Wednesday, August 28, 2013
From Surrey Docks Farm to Nelson Dock along the foreshore
The easiest way to check the tide level is to look at the Tide Tables page on the Port of London Authority's website and use the North Woolwich low tide as a reasonable estimate. Today it was at ll48, and when I arrived at the stairs next to the Surrey Docks Farm, the tide was still on its way out.
I wasn't sure how far I could get upriver without being up to the knees in mud, so I went to find out. At low tide that took me as far as Nelson Dock, and my trainers were un-mudied. I would have been wary at crossing in front of Nelson Dock because it was pure mud and no matter how safe people tell me it is, I've experienced that mud when wearing wellies and it has a lot of suction.
I didn't go with a view to finding anything in particular - I was just there for a stroll. But having been involved in the Surrey Docks Farm survey (still working on documentary stuff) I was fascinated by all the odds and ends that are kicking around on the foreshore. None of them have financial value (unless you spend a lot of time rummaging in the mud, and get lucky), but many are really interesting just as a random sample of what washes up.
The stone-covered beaches are full of small objects that have washed up over the decades, some easily identifiable, others a complete mystery (at least to me). The bricks, stock bricks from the construction of may nineteenth century buildings, were bulldozed into the river after the bombings of the Second World War, a small reminder of the destruction and bits of our lost heritage. The mud is full of timbers, chains, nails, bolts, all sorts of odds and ends from wrecked, broken up and damaged ships including surprising numbers of anchor parts that were apparently used to moor small boats and barges at low tide. Some of the steel cables, a piece of which I picked up, were rock solid. There was a simply staggering amount of bone. There were numerous oyster shells, presumably from the Victorian period when oysters were gathered off the English coast and consumed in large numbers.
Today I saw dozens of white pieces of clay tobacco pipe shaft. Clay pipes consist of a long tube of white clay, which makes up the shaft, finishing in a bowl, which often has a small heel to keep it upright when placed on a table. They were mass produced by the end of the 16th century (see the Museum of London's web page on the subject for more information), and as they were prone to snapping and could be easily replaced their remains are littered throughout the country, turning up in handfuls in fields, gardens, and of course rivers. There must be many thousands of fragments along the entire length of the Thames alone. Some of these were marked with stamps, enabling their manufacturer to be identified and a date to be assigned. Pricier models were elaborated with little embellishments and sculptural features. A far greater number are unmarked, but all are remarkable, if only for the sheer volume of them remaining in fragmentary form. Most of the bits I've found in the past have been completely unmarked, but today I found two which had been marked - one with a little line of decoration on the shaft, and one with a stamp on the base of its heel.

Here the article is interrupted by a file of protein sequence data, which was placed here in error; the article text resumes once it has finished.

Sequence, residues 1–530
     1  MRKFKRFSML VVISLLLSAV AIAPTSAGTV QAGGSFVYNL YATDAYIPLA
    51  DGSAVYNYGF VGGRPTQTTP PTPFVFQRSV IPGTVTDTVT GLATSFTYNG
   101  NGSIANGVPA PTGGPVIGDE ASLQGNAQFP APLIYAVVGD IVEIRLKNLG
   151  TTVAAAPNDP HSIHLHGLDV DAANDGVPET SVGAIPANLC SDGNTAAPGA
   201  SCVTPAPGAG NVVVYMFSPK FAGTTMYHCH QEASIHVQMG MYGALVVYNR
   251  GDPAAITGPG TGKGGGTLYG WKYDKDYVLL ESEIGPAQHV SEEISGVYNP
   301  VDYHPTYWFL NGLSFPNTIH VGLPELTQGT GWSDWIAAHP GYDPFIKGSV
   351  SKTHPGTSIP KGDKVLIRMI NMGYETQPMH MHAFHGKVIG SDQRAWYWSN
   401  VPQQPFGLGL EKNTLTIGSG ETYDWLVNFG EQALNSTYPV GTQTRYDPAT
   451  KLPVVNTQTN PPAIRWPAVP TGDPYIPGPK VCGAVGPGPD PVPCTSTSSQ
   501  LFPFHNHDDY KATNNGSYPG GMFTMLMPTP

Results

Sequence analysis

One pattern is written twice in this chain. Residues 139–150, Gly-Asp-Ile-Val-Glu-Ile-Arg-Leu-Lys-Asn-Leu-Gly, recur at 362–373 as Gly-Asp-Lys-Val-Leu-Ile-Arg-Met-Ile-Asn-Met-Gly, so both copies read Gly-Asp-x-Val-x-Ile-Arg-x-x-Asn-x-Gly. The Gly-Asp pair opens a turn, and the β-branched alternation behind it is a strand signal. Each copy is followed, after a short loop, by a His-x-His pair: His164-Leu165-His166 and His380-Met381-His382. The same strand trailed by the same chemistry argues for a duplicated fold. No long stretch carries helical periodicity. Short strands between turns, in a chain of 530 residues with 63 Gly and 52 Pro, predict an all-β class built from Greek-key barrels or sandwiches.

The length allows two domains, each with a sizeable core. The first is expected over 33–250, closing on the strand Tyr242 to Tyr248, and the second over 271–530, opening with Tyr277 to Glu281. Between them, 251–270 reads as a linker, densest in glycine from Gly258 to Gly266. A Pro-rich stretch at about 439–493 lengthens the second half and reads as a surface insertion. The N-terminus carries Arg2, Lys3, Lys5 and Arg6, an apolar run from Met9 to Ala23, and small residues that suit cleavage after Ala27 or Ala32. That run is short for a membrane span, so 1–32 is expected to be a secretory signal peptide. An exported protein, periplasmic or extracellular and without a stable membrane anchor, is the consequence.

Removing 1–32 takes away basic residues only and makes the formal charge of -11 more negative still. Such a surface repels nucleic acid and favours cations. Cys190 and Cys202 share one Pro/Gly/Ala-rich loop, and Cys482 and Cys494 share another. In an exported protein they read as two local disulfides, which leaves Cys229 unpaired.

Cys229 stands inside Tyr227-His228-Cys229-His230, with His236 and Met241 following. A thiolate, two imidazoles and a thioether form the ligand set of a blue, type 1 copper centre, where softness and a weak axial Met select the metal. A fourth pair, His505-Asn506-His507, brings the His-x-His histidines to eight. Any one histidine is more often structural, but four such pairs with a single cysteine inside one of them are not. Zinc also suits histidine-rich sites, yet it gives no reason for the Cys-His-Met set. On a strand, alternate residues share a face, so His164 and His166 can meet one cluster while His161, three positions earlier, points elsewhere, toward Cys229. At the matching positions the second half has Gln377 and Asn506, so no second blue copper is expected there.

I was unable to identify many of the items that I found. A number of identical tiny silvery bottles, for example, may have been pharmaceutical jars but are round-bottomed and I suspect actually belonged to machines, partially because the glass or glass-like fabric is so very strong. They are very vaguely familiar, but I am not at all sure where from (see photo right).
Overall, there was a lot of ceramic and coarse pottery - everything from willow-pattern china to bits of flower pot, chimney and coarse ware. There were also a lot big fragments of thick clay jars and bottles, probably Edwardian and Victorian, judging from the stuff I used to dig when clearing down to the Roman layers on town sites.
So much of what I picked up had been heavily rolled by the Thames and fragments of glass, stone pipe and pottery, which must have very sharp edges when first broken, were now rounded and smooth to the touch.
There were, of course, the usual selection of items tossed unwanted into the river - lots of bits of bicycle, for example, a plastic chair, and the ruined remains of a Blackberry mobile phone. But it was surprising how little ordinary rubbish there was. The usual detritus of human living, plastic bottles, tin cans, crisp packets and the like, must be washing up somewhere else.
I was only there for a random hour's stroll, but there was so much to see. A couple of words of warning to those thinking of heading down to the foreshore, if you haven't been before. Wellies are essential if you are getting off the stones and pebbles and going into the mud. Even if you stick to the stones and pebbles, you need sensible footwear because the stones shift a lot beneath your feet and the bricks are slippery. In addition, there is a lot of broken glass, not just little bits but big broken bottles. Importantly, the tide comes in very, very quickly, so it is essential to check the tide tables. Finally, the mud can be nasty stuff, with all sorts of things decaying invisibly beneath it, so you if you are intent on picking up objects with your bare hands (waterproof gloves, like those used by the Thames Discovery people and other professionals, are a much, much better idea) then you absolutely must have tetanus shots. These days they last for 10 years, and I never miss mine.